When it comes to believing and self-belief, my favorite profession is education and my favorite professionals are teachers—the most honorable and most essential of all professions, in my estimation. Teachers touch the future and we never know where their influence stops: They make all other professions possible.
However, ask any tenured teacher in the classroom today if they believe they are a professional, if they believe in their mission, if they are making a difference, if they believe in what they are teaching, what they are saying, what they are doing, what their students are learning, what their students are becoming, if their students are happy, if their students will be a success in life, etc.—and the teacher’s answer will be far from positive, optimistic or affirmative.
Ask if they are fulfilled, enriched or enlivened by their profession–or by their performance in their classroom?
Yet unfetter them, remind them of their dream of becoming teachers, reaffirm their vision that their students may be nurses, engineers, plumbers, scientists, inventors, business leaders, lawyers, astronauts, authors, perhaps teachers, and who knows—the next President of the United States…and their hearts go into tachycardia and they come alive again with purpose and energy.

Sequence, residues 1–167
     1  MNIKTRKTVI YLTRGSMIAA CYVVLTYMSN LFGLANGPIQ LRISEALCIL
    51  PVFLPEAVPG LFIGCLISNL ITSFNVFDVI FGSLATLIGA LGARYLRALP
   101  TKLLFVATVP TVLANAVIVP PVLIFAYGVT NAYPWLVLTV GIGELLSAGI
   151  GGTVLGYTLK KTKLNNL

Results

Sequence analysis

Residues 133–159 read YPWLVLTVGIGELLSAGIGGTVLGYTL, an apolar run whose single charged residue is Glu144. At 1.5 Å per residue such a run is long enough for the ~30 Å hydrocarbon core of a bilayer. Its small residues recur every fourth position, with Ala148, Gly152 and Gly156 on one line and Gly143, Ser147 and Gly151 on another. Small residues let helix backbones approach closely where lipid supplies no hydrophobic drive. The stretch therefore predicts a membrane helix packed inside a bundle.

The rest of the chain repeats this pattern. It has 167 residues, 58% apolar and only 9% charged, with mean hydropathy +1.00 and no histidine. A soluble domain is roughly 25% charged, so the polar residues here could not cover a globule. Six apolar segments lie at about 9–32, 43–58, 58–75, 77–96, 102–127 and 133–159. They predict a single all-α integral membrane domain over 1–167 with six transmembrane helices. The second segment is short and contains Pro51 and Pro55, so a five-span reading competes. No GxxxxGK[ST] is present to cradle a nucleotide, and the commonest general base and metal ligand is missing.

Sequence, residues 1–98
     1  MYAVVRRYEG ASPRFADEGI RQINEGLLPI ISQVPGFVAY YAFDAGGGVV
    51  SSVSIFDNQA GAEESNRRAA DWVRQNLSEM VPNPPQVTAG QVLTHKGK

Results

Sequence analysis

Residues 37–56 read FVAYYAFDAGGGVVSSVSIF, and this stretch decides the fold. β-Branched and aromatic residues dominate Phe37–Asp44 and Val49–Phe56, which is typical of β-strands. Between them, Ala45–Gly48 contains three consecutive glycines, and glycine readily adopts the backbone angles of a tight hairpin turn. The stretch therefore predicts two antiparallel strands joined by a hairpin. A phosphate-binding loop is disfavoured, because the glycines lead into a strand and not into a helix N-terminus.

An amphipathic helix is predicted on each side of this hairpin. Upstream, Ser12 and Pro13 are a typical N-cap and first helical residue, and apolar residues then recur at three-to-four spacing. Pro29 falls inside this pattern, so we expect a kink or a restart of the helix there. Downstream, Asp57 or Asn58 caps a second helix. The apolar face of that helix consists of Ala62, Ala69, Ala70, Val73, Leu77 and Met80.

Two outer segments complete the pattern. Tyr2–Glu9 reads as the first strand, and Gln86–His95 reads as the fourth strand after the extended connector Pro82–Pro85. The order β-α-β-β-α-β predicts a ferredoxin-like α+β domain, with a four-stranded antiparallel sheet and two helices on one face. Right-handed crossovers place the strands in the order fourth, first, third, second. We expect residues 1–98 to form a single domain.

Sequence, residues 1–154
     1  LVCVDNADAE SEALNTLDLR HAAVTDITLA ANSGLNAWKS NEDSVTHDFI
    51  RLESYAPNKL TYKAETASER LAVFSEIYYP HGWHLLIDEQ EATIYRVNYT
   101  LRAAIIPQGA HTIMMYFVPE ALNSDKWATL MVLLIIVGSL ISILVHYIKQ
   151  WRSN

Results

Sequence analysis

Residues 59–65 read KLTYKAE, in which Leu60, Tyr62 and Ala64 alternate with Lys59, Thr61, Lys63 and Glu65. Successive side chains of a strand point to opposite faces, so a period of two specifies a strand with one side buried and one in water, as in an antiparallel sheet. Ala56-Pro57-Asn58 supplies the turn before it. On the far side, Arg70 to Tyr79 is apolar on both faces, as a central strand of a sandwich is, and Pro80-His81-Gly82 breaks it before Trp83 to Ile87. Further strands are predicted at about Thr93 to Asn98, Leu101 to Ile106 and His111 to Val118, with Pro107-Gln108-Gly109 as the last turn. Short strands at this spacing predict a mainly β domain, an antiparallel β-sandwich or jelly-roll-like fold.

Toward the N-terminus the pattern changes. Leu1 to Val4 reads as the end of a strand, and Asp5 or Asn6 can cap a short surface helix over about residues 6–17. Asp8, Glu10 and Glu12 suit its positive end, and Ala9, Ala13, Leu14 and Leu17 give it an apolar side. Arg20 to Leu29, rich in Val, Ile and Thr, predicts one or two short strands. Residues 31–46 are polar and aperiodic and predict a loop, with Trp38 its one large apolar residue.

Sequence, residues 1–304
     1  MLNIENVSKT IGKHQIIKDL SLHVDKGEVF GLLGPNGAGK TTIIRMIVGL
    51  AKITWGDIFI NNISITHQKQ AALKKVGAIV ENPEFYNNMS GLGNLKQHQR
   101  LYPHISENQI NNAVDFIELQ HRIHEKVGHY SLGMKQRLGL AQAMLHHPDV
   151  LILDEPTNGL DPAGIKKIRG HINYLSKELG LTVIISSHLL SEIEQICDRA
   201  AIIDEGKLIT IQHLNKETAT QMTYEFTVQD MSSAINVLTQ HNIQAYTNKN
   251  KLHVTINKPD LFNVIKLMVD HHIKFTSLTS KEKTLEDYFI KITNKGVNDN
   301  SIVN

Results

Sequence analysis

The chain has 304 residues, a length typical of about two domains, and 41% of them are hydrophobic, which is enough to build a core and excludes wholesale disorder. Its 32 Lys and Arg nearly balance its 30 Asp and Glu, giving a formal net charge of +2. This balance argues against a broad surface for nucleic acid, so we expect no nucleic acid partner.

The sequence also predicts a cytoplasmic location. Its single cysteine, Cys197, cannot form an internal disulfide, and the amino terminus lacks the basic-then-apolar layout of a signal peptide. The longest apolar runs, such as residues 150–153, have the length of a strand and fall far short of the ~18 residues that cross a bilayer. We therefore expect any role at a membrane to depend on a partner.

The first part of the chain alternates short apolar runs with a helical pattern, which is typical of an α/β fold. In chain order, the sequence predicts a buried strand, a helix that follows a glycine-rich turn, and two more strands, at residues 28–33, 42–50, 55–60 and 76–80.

The same is true of leaders and managers. To re-ignite our self-belief, we must ignite our vision of purpose. Here’s one problem. If we scorn our excellence in plumbing, for example, because plumbing is a humble activity, but tolerate shoddiness in philosophy because philosophy is an exalted activity—we will have neither good plumbing nor good philosophy. Neither our pipes nor our theories will hold water.
Here’s a real tragedy: We can easily forgive a student who is afraid of the dark, but what about the lives of “adults” who are afraid of the “light.”
Every leader, or boss, needs to be reminded, from time-to-time, THAT he or she matters. They deserve to be shown and told how, and why. By the persons that they supervise, and lead. By fellow leaders. By business customers and clients. By hospitality guests and visitors. By hospital staff doctors and nurses, and patients. And, in kind, leaders must let persons in each of their contact groups – know they matter MORE!
“Answer your own self-doubt by soothing the doubts of others.” – This statement got me. There is no other way to feel that you matter than helping others realize their worth. I enjoyed reading your posts, Dan! Now found myself browsing your past articles, keep it up!
I love this picture, it’s worth 1000 words for sure.